(12) 428 Educar 2015, vol. 51/2. Julio Meneses; Josep M. Mominó. to socio-demographic characteristics, teachers’ age is negatively correlated with digital literacy (rs=-0.24, p=0.000), while a consistent gender effect in favour of male teachers is observed in relation to online community building (rpb=0.11, p=0.000), face-to-face community building (rpb=0.31, p=0.000), and digital literacy (rpb=0.31, p=0.000). Lastly, it should also be noted that frequency of internet access at home is positively associated with the three measures, showing a stronger relationship with digital literacy (rs=0.64, p=0.000) and online community building (rs=0.31, p=0.000). 4.2. Multivariate analysis The left side of Table 2 shows the results for the first two regression models comprising school and socio-demographic variables that were controlled in the analysis of teachers’ use of the internet for community purposes. Firstly, it should be noted that although the school characteristics model (1) is statistically significant (F=3.419, p<0.001), in the school and socio-demographic characteristics model (2) the R2 increases from 0.011 to 0.107 (F for the R2 change=37.280, p=0.000). The second model is also statistically significant (F=19.238, p=0.000), and shows a significant negative effect of education level – which was not previously observed in the bivariate analysis – and location of school, both of which are consistent with the effects observed in the school characteristics model. Compulsory secondary (Beta=-0.095, p=0.000) and post-compulsory (Beta=-0.085, p<0.001) teachers appear to use the internet for community purposes less than their counterparts in primary education. Moreover, teachers at schools located in less populated towns (e.g., of less than 5,000 inhabitants) seem to be more frequent users than their counterparts teaching in medium and large cities, with Beta coefficients ranging from -0.070 (p<0.050) to -0.109 (p<0.010). In both regression models, and according to the initial explorations in the bivariate analysis, the type of school funding is not statistically significant. In contrast, the socio-demographic characteristics introduced in the second regression model, such as gender and frequency of internet access at home, showed a significant and positive effect. Male teachers use internet for community purposes somewhat more frequently (Beta=0.056, p<0.010), as do those who are more frequently connected compared with those who never or almost never use the internet at home (e.g., Beta=0.329, p=0.000, for daily users). These results are consistent with the exploratory analysis, but also show that the initial bivariate effect of age becomes nonsignificant in the subsequent multivariate regressions. The right side of Table 2, starting with the main effects model (3), enables us to examine the effect of both face-to-face community building and digital literacy with the appropriate statistical control for school and socio-demographic characteristics. In terms of its overall fit, the third regression model is also statistically significant (F=36.553, p=0.000), with the R2 increasing to a more acceptable level of 0.207 (F for the R2 change=133.331, p=0.000). Com-.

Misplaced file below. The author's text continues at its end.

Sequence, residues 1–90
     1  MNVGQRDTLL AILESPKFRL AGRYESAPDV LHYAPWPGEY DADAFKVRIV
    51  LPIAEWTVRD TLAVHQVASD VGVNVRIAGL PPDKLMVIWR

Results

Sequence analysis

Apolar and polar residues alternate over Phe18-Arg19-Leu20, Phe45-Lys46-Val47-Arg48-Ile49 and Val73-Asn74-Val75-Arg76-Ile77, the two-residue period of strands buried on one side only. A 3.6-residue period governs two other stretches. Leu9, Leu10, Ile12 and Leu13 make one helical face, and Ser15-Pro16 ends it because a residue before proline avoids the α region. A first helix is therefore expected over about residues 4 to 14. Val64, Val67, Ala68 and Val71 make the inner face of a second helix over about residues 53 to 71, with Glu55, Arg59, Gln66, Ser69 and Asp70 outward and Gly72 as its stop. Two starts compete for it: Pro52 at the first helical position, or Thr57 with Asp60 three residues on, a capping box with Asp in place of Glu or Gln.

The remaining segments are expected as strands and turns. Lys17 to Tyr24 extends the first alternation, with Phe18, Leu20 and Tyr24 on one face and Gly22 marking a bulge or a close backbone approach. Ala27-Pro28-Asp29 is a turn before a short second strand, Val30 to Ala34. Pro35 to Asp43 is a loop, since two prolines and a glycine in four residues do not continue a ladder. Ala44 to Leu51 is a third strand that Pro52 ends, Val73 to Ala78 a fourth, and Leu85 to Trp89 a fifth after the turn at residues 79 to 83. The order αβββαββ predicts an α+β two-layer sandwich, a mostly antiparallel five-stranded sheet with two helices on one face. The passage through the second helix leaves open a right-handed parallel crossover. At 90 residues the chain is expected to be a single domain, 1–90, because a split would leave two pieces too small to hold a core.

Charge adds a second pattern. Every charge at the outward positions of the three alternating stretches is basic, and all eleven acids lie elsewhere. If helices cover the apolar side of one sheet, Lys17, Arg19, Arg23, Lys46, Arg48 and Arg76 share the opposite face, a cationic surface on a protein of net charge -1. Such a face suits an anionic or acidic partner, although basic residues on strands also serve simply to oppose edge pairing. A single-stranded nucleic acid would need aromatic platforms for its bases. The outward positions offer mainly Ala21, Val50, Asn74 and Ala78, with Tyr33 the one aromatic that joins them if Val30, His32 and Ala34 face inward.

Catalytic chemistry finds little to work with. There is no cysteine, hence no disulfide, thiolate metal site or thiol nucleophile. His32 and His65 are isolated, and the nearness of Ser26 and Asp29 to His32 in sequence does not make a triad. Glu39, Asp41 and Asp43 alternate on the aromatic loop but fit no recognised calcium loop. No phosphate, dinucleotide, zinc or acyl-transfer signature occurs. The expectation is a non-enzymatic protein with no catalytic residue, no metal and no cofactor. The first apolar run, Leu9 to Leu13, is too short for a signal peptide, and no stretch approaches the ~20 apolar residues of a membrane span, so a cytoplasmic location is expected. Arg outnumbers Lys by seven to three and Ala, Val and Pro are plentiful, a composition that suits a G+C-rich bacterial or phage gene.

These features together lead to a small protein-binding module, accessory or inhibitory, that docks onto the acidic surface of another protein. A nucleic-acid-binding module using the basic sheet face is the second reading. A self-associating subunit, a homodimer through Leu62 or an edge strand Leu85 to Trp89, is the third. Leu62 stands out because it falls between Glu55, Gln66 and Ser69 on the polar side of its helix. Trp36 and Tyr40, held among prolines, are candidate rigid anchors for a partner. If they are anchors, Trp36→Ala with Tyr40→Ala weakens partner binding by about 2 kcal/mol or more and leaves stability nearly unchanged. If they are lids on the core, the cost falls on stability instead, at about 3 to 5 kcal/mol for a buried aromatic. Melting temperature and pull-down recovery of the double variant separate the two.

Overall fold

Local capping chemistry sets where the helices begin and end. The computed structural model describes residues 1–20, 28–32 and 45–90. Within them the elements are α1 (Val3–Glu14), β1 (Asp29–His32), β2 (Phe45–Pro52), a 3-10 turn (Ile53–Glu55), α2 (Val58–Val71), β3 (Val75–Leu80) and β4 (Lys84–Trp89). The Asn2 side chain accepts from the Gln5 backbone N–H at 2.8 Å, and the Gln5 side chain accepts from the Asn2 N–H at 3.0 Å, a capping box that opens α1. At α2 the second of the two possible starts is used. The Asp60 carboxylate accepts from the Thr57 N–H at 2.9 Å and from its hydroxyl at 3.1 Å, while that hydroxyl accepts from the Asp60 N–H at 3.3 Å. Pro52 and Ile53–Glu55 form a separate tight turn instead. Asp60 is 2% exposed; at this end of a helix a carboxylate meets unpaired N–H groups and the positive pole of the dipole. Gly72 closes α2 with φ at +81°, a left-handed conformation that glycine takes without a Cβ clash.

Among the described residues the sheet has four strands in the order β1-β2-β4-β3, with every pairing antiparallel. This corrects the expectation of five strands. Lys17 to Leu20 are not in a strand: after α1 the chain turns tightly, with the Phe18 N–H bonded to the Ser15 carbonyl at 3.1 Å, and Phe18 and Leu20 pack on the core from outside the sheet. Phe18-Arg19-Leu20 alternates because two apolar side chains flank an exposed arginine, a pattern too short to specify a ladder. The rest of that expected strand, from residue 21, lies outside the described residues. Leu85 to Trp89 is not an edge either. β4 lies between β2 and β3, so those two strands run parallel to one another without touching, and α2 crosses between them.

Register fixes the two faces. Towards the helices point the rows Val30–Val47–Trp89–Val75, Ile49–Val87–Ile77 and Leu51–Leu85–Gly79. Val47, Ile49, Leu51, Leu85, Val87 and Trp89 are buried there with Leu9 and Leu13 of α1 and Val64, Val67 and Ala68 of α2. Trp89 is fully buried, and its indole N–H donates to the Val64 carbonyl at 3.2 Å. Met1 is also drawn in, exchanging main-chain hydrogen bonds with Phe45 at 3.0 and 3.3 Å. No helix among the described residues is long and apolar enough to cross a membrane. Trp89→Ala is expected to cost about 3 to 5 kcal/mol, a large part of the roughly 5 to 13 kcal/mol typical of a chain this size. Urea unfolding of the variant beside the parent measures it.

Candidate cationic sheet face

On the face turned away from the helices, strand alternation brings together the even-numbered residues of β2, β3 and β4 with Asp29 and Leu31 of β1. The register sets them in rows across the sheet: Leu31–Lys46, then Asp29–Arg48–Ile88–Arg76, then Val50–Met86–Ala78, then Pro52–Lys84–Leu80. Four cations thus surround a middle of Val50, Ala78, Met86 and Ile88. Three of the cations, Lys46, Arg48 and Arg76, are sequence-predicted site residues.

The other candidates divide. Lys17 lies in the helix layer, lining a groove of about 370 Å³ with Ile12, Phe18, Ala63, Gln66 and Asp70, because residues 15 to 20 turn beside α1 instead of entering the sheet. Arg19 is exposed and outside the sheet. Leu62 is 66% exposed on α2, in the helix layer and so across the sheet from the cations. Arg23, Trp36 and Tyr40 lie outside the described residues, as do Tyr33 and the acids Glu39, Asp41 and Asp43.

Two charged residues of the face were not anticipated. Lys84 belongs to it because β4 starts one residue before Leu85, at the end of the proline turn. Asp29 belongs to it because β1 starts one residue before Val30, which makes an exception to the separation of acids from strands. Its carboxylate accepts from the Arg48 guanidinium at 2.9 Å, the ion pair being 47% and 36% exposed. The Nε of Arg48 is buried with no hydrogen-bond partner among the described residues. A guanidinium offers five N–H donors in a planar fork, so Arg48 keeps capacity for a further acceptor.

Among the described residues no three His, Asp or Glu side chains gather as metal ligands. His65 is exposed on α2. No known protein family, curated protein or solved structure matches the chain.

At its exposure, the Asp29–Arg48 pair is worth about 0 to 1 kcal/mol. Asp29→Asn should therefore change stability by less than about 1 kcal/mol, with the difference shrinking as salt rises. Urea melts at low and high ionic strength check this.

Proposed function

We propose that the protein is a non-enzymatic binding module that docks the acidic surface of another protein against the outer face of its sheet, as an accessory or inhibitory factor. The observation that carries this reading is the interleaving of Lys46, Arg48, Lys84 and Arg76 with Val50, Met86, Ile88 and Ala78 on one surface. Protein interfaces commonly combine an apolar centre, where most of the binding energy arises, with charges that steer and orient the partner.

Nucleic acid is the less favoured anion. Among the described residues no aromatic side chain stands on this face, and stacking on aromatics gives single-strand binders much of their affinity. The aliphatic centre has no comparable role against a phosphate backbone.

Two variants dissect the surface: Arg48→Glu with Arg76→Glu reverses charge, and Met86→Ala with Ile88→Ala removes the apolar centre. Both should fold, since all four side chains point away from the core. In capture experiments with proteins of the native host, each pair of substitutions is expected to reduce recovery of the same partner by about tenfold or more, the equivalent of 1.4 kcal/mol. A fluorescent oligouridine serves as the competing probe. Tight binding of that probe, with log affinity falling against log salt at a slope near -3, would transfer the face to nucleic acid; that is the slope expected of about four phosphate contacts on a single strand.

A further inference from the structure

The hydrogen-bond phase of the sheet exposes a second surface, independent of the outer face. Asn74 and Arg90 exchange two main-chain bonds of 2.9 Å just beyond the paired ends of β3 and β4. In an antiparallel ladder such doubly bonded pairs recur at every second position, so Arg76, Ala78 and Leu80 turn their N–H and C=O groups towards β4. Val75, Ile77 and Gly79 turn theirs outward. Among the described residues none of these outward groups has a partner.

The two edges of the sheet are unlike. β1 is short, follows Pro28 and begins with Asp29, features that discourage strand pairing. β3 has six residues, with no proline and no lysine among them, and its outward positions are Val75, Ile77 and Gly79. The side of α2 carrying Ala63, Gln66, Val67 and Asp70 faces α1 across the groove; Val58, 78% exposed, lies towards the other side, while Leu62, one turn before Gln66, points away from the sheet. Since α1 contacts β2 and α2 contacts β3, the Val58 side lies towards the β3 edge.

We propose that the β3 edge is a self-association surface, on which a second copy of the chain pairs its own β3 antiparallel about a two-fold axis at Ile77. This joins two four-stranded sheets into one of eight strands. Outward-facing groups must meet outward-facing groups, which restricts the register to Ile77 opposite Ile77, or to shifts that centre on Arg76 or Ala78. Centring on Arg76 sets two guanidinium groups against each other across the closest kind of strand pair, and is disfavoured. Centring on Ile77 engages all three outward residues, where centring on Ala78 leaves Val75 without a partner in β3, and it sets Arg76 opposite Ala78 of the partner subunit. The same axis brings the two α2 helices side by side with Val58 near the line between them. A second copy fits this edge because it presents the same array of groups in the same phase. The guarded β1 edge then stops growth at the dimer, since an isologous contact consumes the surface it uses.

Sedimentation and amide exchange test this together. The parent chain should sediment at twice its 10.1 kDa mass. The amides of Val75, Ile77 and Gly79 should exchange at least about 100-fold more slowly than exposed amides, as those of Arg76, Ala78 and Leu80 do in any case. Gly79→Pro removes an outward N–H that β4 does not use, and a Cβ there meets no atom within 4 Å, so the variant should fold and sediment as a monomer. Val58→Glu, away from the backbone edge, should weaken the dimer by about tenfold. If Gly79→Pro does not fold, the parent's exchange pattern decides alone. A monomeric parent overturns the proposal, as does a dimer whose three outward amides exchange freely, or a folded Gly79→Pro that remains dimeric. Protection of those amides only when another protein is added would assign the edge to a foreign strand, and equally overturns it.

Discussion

(13) Intercept Education level Compulsory primary Compulsory secondary Post-Compulsory Vocational Education School’s type of funding Public Private Town population Less than 5,000 5,000 – 50,000 50,001 – 500,000 500,001 or more Age 30 years old or younger 31 – 50 years old 51 years old or older Gender Female Male. -0.059 -0.033 0.003. -0.022. -0.055 -0.096 -0.082. -0.210 (0.090) -0.126 (0.095) 0.015 (0.141). -0.074 (0.079). -0.190 (0.124) -0.338 (0.128) -0.327 (0.140) 0.027 -0.025 0.056. 0.096 (0.100) -0.113 (0.128) 0.187 (0.073). -0.006 -0.070 -0.109 -0.097. -0.022 (0.077). -0.095 -0.085 -0.021. -1.535 -0.242 (0.118) -2.644b -0.386 (0.123) -2.343a -0.389 (0.135). 0.933. -2.328a -0.337 (0.087) -1.317 -0.321 (0.093) 0.109 -0.129 (0.136) 0.001 (0.072). 2.578b. 0.960 -0.885. 0.077 (0.071). 0.071 (0.095) 0.000 (0.124). -2.043a -0.217 (0.112) -3.149b -0.310 (0.116) -2.891b -0.217 (0.127). -0.284. 0.023. 0.020 0.000. -0.063 -0.088 -0.068. 0.000. -0.022 -0.018 0.014. 0.000 (0.072). -0.084 (0.084) -0.075 (0.089) 0.088 (0.129). 1.087. 0.749 -0.007. 0.077 (0.070). 0.048 (0.095) -0.032 (0.123). -1.946a -0.218 (0.111) -2.680b -0.302 (0.115) -2.132a -0.256 (0.126). 0.020. -0.906 -0.747 0.664. 0.038. 0.022 -0.011. -0.103 -0.140 -0.106. 0.000. -0.039 -0.032 0.024. 1.102. 0.505 -0.258. -1.966a -2.636b -2.035a. -0.009. -1.007 -0.834 0.685. Main effects model (3) Full effects model (4) B (SE) Beta t B (SE) Beta t d 1.438 (0.131) 10.987 1.435 (0.130) 11.050d. -3.876d -0.077 (0.084) -3.470c -0.067 (0.090) -0.948 0.086 (0.130). School and socio-demographic School characteristics model (1) characteristics model (2) B (SE) Beta t B (SE) Beta t d 1.788 (0.102) 17.473 1.246 (0.136) 9.189d. Table 2. Hierarchical multiple regression of teachers’ use of the internet for community purposes (n=2,163). Online community building in classrooms and schools Educar 2015, vol. 51/2 429.